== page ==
King James Bible Believers

 

 

King James Onlyism In Scotland

By

Laurence M. Vance

This article is an abridged version of essay eleven in the collection of fifteen essays on the Authorized Version by Laurence M. Vance entitled King James, His Bible, and Its Translators. This 172-page book can be ordered from Vance Publications.

 

 

 

                               King James Onlyism In Scotland

 

It has previously been shown that the origin of “King James Onlyism” goes back, not to the beginning of the “King James Only” movement in the twentieth century, but four hundred years earlier to King James himself. The king desired “one uniform translation,” and for the “whole church to be bound unto it, and none other.” This opinion soon spread into Scotland.

 

Most people are aware that King James (1566-1625) became king of England in 1603, after the death of Queen Elizabeth (her aunt, Margaret Tudor [1489-1541], the sister of Henry VIII [1491-1547], was the great-grandmother of King James). What many people are not aware of, however, including some Bible-believing Christians, is that when James became King James I of England in 1603, he had already been King James VI of Scotland since 1567. Thus, he was both King James VI & I. Scotland is today part of the United Kingdom of Great Britain and Northern Ireland. The United Kingdom (or the UK) is made up of the regions of England, Scotland, Wales, and Northern Ireland.

 

The first complete Bible printed in Scotland—a reprint of a 1562 Geneva Bible—was not published until 1579. It was dedicated to the young king, who was then a boy of thirteen: “To the richt excellent richt heigh and michtie prince Iames the Sext King of Scottis.” Other editions of the Geneva Bible were printed in Scotland in 1601 and 1610. In 1611, an enactment by the Synod of St. Andrews, referring to the 1610 Geneva Bible, stated: “For as much as it was thought expedient that there be in every Kirk a common Bible, it was concluded that every brother shall urge his parishioners to buy one of the Bibles lately printed by Andro Hart.”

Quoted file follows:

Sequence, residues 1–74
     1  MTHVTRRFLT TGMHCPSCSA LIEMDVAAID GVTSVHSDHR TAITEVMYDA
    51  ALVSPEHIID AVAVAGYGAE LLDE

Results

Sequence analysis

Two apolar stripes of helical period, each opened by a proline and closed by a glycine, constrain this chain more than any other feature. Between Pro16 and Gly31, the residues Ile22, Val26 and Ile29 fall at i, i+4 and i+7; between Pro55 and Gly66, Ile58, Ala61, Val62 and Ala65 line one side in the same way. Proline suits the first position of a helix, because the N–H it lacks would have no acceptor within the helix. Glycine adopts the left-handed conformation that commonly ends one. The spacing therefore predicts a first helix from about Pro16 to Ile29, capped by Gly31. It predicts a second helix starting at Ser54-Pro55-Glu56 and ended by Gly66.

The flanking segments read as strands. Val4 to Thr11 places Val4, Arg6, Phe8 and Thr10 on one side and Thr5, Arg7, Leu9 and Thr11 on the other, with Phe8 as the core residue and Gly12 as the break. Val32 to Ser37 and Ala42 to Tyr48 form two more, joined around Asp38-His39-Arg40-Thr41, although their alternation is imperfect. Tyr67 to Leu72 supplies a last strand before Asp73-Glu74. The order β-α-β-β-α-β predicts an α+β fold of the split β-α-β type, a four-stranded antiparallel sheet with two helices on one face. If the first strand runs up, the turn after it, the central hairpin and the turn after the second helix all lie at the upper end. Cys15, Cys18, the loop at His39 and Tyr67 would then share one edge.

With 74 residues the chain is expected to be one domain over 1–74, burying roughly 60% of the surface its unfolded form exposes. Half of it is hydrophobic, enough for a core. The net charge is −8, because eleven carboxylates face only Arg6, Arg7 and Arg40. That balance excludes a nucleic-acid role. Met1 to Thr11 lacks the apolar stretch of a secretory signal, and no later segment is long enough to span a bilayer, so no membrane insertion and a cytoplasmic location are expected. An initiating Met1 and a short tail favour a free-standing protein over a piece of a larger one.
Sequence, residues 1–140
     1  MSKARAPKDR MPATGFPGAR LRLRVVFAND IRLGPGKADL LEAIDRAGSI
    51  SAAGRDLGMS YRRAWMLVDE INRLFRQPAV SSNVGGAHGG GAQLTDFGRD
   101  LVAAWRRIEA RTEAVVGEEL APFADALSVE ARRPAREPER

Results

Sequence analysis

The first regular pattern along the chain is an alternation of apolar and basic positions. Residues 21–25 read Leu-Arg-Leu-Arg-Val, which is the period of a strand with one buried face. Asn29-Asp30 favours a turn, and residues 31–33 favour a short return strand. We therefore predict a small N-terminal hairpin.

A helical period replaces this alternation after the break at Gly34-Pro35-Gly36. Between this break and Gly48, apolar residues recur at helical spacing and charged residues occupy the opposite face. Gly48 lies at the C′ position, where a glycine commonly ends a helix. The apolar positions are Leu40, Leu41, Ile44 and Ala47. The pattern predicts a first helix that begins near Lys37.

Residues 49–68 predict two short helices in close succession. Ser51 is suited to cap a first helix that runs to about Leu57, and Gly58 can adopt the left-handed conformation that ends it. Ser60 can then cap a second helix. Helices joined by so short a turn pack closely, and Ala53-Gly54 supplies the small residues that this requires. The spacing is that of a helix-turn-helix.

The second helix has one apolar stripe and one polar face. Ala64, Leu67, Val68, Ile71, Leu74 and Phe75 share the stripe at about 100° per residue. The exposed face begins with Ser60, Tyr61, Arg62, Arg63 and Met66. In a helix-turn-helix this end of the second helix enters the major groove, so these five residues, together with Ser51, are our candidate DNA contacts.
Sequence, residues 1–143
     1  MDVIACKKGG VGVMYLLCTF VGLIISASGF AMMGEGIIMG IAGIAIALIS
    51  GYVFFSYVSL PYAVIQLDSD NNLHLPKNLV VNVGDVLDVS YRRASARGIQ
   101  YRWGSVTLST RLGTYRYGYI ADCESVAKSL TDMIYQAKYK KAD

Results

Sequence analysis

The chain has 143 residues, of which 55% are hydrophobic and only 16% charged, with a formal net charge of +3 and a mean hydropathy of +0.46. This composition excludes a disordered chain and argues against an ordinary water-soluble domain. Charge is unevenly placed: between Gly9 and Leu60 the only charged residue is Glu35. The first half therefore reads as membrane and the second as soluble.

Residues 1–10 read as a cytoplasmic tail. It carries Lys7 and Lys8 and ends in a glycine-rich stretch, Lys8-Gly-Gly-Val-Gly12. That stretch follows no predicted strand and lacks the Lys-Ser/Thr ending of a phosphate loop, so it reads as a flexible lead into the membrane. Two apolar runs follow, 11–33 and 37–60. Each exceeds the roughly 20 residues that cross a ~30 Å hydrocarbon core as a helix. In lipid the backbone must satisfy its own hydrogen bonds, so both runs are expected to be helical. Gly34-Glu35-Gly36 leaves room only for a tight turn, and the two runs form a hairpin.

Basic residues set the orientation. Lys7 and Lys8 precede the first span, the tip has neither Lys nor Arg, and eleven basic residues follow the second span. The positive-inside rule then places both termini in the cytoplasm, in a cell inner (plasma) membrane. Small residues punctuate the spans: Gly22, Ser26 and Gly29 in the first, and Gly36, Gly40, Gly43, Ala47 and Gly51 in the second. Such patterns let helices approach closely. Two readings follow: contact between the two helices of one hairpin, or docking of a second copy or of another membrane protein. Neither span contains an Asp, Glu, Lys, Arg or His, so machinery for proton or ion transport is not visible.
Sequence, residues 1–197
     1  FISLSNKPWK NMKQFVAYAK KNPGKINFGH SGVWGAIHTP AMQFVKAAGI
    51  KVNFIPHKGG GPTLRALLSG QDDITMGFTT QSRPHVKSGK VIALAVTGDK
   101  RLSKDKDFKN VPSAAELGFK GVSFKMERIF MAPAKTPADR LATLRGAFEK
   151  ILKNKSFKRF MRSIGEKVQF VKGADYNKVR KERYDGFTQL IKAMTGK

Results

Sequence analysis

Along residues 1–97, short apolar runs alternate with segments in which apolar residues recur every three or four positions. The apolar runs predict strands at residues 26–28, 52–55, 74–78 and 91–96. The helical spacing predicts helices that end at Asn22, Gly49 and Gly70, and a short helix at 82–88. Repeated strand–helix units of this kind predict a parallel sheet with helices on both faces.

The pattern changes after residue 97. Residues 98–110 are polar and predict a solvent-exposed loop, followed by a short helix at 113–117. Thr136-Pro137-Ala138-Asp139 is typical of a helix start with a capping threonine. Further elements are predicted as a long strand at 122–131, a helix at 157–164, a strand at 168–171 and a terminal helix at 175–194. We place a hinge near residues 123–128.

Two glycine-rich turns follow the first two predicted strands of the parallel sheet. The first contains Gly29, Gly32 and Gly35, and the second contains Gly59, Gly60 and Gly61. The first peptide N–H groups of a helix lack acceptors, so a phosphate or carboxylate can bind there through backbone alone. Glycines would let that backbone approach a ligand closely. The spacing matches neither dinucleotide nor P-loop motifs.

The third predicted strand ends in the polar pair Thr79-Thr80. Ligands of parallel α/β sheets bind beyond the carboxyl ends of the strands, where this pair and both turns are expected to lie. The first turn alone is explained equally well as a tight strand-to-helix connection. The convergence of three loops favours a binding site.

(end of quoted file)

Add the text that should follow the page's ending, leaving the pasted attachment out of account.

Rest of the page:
After the publication of the Authorized Version in 1611, and after William Laud (1573-1645) became the Archbishop of Canterbury in 1633, a notable change was made concerning the Bible to be used in the churches of Scotland. The introduction of the Authorized Version into Scotland can be traced back to the 1628 publication of the New Testament, printed by the Heirs of Andro Hart. The coronation of Charles I (1600-1649) at Edinburgh in 1633 was the occasion for the publication of the entire Bible. It was printed by Robert Young (d. 1643), the royal printer. The king and his archbishop wanted the Scots to use the Episcopal form of worship, thus completing the uniformity between the churches of the two kingdoms. Laud revised a book of canons given by the bishops to the king, who instructed Laud that it should “be well fitted for Church government, and as near as conveniently may be to the Canons of the Church of England.” The resulting Canons and Constitutions Ecclesiastical of 1636 specifically mandated that the Bible to be used in Scotland “shall be of the translation of King James.”

 

Although some in Scotland regarded the new version as standing in need of revision, and even offered a detailed list under five headings of various proposals for revision, nothing ever came of this either. And two hundred years later, in Article III of the constitution of the National Bible Society in Scotland, which was formed in 1861 from the National, Glasgow, and Edinburgh Bible Societies, we read: “The only version of the  Holy Scriptures, in the English language, which the Society shall circulate or hold in stock shall be the Authorized Version.”

 

So not only is this statement in the Scottish Canons one of the earliest references to the Bible of 1611 as that of King James, it is also the origin of “King James Onlyism” in Scotland. Once again, therefore, we see that “King James Onlyism” was not invented by some over-zealous modern defender of the Authorized Version. This opinion began with King James himself and soon spread throughout the realm.

 

 

 

 

John Wycliffe 1320-1384

John Wycliffe 1320-1384

John 10:9 I am the door: by me if any man enter in, he shall be saved, and shall go in and out, and find pasture.

 

 

 

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